Sunday, February 01, 2009

The Burned-Over District vs. The Passed-Over District

In Jacksonian Antislavery and the Politics of Free Soil, 1824-1854 – which I’m enjoying tremendously – Jonathan H. Earle makes clear that the active Free Soil counties in New York State were very different, physically and economically, from the Whig-oriented counties of the Burned-Over District:
[T]he remote, agricultural New York communities that became bulwarks of Free Soil . . . barely resembled the middle-class, evangelical, and Whig locales of the famed Burned-Over District covering the western parts of the state. Many of them, in fact, were isolated and economically stagnant – more passed-over than burned-over.

. . . Each of [the Free Soil] counties was rugged, densely wooded, and among the last be settled in the state. Shallow, acidic soil made traditional staple agriculture difficult . . .. As the crow flies, some of these communities were quite close to the bustling Erie Canal, but the famed “artificial river” might as well have been a thousand miles away. In fact, its completion in 1825 actually made matters worse for farmers removed from the canal district.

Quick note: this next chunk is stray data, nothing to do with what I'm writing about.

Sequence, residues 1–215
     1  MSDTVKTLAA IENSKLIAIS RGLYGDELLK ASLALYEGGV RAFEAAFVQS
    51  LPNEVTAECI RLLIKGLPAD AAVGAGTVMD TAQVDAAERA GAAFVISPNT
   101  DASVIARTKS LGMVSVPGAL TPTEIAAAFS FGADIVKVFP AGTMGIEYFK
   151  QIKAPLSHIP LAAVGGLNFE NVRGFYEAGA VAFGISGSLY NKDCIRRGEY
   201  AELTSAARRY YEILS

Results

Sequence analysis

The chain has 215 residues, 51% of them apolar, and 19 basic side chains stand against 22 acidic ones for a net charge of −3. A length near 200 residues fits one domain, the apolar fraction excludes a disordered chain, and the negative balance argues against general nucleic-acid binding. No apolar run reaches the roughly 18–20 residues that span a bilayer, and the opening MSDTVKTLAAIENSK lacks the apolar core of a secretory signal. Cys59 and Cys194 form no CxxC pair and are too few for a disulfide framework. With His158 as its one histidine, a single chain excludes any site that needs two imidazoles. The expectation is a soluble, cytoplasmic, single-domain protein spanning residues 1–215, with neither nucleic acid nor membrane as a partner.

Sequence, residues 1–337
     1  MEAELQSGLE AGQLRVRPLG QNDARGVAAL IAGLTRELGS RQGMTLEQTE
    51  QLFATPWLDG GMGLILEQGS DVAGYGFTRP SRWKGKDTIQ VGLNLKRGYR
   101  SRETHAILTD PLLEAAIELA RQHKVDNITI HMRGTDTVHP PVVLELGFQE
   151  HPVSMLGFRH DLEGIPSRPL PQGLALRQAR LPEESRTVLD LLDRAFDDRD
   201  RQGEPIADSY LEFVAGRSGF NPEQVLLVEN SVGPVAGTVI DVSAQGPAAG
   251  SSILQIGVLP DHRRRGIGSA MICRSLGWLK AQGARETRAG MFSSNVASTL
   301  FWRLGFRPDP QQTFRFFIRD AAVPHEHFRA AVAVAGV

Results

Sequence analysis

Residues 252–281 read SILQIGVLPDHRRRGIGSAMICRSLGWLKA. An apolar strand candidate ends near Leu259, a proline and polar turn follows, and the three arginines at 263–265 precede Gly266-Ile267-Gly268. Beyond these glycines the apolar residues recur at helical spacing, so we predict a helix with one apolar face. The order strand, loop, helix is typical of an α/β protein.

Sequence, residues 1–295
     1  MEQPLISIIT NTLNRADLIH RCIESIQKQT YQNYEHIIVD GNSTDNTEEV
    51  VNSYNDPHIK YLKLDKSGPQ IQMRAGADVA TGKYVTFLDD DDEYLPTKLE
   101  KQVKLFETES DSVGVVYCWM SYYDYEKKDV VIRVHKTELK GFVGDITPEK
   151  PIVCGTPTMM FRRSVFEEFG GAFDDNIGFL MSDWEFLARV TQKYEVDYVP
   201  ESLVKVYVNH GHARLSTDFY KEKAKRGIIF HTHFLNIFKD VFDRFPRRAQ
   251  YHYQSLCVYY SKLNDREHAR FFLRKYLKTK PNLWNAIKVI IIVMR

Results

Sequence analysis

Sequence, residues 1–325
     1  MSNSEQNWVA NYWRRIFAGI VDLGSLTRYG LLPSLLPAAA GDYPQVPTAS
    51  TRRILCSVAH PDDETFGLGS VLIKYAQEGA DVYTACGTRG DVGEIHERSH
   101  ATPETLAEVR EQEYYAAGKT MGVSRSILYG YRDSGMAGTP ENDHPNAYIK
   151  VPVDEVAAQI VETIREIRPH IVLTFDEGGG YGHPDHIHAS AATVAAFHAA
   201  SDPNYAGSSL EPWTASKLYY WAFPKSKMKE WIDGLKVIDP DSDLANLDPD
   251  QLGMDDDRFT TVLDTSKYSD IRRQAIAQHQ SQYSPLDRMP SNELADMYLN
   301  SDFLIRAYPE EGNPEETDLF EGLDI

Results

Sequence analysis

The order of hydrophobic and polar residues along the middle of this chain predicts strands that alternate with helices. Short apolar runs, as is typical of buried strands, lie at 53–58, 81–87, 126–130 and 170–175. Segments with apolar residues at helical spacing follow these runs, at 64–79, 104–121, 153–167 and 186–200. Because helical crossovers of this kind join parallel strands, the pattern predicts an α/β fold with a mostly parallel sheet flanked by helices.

The map at the top of this post is adapted from one at page 170 of Professor Earle’s book. The Burned-Over District is shown in yellow; the Passed-Over Counties, which registered a majority or plurality for the Free Soil Party in 1848, are shown in red. The only county that falls into both camps, Wayne County, appears in gray. Although I have not drawn it in, the Erie Canal begins north of Buffalo and proceeds generally east through the northern tier of Burned-Over counties, then across the south-eastern edge of Oswego County, then across the lower portions of Oneida and Herkimer Counties, and thence on the Hudson River.

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